Tuesday, October 26, 2010

AND found something that reminded me of when life didn't suck.

This art show that I put a photo in ended up on the viceland blog a while back. Check it out. http://www.viceland.com/wp/2008/10/vice-pics-maggie-lee-visits-allston/

surrounded by horrible people.

scouring the darkest corners of the internet early this morning. found an interview with weirdo dave about his zine "fuck this life." Pretty amazing, and somehow uplifting.

Tuesday, October 19, 2010

self monitoring skills and incompetence

     Dr. Dunning is scared that in this day and age people suffer from an abnormal level of incompetence. The article speaks of various tests performed on individuals, and how it has led him to believe the truth in his theory. Towards the end of the article they discuss a possible treatment that was tested to correct the heightened sense of self perception, and inability to correct themselves. In conclusion i can't tell if the article is a joke or not.

     Zizek draws many comparisons to the way that the United States acted while occupying Iraq, and how the Occupied Iraqi government acted while being occupied. He also compares the treatment of war prisoners by by American guards to the hazing that more than likely occurred to bush while joining the skull and bones fraternity. Zizek also discusses the notion of community and how it can be portrayed in its purest and true sense when one of these inhumane acts occurs. Zizek cites the inhumane torture practices committed by the United States and its various organizations that patrol the world, throughout the world. My favorite reference was that of the CIA and its involvement in educating many South American and third world countries on the subject of torture, and how it should be carried out properly.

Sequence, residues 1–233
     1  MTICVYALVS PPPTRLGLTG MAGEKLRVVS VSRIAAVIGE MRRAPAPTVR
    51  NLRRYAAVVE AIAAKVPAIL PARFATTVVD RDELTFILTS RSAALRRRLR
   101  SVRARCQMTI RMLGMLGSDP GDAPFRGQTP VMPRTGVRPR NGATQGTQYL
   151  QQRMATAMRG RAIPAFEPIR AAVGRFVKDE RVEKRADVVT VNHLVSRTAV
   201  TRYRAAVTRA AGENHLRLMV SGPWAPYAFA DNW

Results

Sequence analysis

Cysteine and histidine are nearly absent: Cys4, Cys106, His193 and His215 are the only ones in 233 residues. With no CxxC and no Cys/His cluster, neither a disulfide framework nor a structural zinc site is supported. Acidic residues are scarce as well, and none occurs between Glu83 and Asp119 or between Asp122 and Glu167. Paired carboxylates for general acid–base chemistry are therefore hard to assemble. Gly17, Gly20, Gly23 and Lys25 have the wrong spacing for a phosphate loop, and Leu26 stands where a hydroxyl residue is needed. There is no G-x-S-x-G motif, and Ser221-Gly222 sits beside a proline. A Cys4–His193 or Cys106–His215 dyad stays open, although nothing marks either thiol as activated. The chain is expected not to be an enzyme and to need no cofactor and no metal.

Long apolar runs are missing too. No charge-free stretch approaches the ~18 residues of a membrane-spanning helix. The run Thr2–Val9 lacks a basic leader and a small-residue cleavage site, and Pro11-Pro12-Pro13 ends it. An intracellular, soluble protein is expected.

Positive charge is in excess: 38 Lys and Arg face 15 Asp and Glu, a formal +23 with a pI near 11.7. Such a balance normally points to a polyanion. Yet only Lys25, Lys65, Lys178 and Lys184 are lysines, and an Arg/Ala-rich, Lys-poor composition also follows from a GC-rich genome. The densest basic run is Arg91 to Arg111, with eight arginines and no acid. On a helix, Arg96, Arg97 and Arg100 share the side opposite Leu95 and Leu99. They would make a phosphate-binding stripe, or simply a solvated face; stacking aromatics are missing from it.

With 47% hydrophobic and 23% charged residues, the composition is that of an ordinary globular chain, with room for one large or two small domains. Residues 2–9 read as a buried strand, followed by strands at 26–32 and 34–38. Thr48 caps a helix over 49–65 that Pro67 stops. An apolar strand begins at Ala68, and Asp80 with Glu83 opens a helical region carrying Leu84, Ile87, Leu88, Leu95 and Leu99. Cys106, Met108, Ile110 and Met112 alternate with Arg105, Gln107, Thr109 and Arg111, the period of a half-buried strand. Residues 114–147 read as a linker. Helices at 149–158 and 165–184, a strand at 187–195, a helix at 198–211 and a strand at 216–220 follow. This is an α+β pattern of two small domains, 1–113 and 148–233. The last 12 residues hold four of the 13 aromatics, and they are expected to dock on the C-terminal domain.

Monday, October 11, 2010

Who are you? Who are you people?

Why do I do art? It is nine thirty in the morning. I am in the library. Blah Blah Blah. I am scanning as many images as I can before I fall asleep of instances that I believe are motivating, and crucial to the creation of art. Blah Blah Blah. No one is ever interested. I know that we had Allen Scarrit, or Allin scaritt, or Allin Scarrit. I do not know how to spell his name. In the time that it took me to spell his name three times I am sure that i could have figured out how to spell his name by typing his name into a search engine. But he is not important right now. What is important is my description of the people that created art during his era, and how they have impacted my life/made beautiful meaningful things. I don't mean to pull the whole I-ME-I-ME garbage, but I genuinely feel that this man is much more important. I took the time to scan these photos onto this picture machine. If you take the time to read this, I thank you. I will start that conversation with a basic piece of Dennis Oppenheim. The use of basic materials to change the earth. There is no fancy circles. When slightly fancy circles are used, they are generally referencing something other than face value aesthetics.